Experts call for law to be tabled soon


Making it safer: The law will further fortify protection against health hazards due to unsafe drinking water. — IZZRAFIQ ALIAS/The Star

PETALING JAYA: It’s high time that the proposed Drinking Water Quality Act, which will further protect against health hazards stemming from unsafe drinking water, be put in place, say experts.

Association of Water and Energy Research Malaysia (Awer) president S. Piarapakaran said there have been delays in the tabling of the Bill.

Health Minister Khairy Jamaluddin had in April said the ministry was planning to introduce the Drinking Water Quality Act (DWQA) in the near future, adding that it would further fortify protection against health hazards due to unsafe drinking water.

Piarapakaran said the plan to introduce the law is not new.

“Before 2010, there was already consultation process done to make the final version of it. Unfortunately, the tabling of the Bill has been delayed.

“I fully support Khairy’s attempt to table it in Parliament as soon as possible.”

He added that at the moment, the National Drinking Water Quality Standard is being used as a reference to determine drinking water quality and raw water used for water treatment process.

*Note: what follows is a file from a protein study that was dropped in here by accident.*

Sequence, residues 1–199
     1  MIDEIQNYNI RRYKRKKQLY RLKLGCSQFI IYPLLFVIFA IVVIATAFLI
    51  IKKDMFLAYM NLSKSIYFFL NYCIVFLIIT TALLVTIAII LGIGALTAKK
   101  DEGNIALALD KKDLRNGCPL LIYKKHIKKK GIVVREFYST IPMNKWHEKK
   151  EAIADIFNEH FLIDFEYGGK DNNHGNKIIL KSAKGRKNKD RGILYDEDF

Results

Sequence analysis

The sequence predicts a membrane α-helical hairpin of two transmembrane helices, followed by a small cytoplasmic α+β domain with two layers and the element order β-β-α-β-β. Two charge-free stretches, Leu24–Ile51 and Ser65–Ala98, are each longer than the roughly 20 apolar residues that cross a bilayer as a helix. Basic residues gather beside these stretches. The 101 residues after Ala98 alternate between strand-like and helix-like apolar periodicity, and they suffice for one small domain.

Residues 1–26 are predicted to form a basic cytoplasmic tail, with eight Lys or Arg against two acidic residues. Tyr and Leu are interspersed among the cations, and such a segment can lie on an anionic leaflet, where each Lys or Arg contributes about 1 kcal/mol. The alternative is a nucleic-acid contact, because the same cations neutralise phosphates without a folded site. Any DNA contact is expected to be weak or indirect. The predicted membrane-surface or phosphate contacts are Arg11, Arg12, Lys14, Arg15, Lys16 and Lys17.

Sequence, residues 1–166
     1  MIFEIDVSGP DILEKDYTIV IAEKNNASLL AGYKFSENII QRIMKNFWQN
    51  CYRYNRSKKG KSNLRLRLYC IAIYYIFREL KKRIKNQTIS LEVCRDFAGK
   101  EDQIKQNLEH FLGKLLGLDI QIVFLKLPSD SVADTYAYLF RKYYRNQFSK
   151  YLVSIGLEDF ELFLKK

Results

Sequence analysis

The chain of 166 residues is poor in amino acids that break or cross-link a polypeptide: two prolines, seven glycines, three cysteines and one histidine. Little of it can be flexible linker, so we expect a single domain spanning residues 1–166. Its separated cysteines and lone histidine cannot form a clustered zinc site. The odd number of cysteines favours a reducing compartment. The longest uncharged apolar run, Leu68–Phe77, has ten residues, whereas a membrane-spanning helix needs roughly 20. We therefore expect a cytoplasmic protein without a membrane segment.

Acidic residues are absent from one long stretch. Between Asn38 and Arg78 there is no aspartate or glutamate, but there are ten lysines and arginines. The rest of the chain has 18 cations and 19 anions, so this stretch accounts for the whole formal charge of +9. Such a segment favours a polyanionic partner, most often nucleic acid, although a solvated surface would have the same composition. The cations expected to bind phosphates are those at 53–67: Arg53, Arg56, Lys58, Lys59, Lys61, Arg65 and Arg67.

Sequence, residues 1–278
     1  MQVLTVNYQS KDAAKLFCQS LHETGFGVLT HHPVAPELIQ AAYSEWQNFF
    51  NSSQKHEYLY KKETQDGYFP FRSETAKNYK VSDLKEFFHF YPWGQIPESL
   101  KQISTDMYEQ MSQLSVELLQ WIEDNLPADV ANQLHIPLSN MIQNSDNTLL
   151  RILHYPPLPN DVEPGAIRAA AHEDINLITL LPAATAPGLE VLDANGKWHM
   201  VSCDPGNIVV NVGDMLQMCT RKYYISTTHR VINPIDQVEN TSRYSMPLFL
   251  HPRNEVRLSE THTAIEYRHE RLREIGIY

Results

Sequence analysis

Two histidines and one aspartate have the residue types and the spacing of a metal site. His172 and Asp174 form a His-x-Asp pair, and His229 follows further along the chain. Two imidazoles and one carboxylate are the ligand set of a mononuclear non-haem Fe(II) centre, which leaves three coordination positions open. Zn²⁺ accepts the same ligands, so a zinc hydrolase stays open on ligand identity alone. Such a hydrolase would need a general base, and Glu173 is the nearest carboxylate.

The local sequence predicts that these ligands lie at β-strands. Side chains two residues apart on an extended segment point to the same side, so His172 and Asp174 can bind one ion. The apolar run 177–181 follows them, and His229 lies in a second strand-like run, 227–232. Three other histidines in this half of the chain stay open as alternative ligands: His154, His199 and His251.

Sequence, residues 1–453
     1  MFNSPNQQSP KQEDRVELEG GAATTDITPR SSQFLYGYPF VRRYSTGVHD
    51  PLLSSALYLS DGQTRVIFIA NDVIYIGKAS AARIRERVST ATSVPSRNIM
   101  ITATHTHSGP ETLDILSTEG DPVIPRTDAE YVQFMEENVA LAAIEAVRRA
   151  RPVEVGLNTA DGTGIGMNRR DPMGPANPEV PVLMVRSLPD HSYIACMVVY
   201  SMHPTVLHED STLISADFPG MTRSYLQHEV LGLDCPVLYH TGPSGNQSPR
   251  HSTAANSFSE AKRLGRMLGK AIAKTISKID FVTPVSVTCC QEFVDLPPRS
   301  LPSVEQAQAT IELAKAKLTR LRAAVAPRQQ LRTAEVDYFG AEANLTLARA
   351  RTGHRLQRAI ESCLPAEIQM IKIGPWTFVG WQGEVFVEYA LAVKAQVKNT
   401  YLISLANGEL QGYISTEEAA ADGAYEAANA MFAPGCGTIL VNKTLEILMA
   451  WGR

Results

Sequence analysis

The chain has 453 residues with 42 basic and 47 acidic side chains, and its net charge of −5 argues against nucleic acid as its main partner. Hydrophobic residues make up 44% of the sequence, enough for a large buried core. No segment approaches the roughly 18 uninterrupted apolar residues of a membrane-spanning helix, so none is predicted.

Piarapakaran noted that the testing the ministry could carry out will be an important step towards ensuring that drinking water is safe.

“The ministry will carry out periodic testing for raw water and drinking water at predetermined sampling locations. The results of the testing will be submitted to the National Water Services Commission (SPAN) for further action.

“For example, under the current surveillance programme, the testing frequency of some chemicals is once in six months.

“Under current circumstances, this frequency is deemed not sufficient to determine the level of such chemicals is safe as dry and rainy seasons give difference impact. We need the surveillance to resemble risk elimination more,” he explained.

He added that chemicals emanating from fertilisers, pesticides and herbicides also pollute groundwater – also a source of water in many rural areas.

He said with the introduction of the Act, more chemicals can be included in the surveillance list.

Apart from that, he also hopes that frequent monitoring of water quality is carried out, especially during high-risk circumstances such as the dry season.

Former SPAN chairman Charles Santiago said access to clean drinking water is still a challenge.

Commenting on the proposed Act, Charles said while it is a good idea, there are issues that have to be addressed and monitoring and maintaining water quality cuts across several agencies and ministries such as the Environment and Water Ministry.

One of the major problems, he said, is aged treatment plants which have not been upgraded for years.

“While water quality is usually tested before it leaves treatment plants, the issue lies with the pipes which connect homes to the plants.

“The pipes are sometimes corroded and have not been replaced in years.

“The bigger issue is that we have to upgrade treatment plants as these are needed to treat toxic water that is coming from polluted rivers,” says Santiago, who is also Klang MP.

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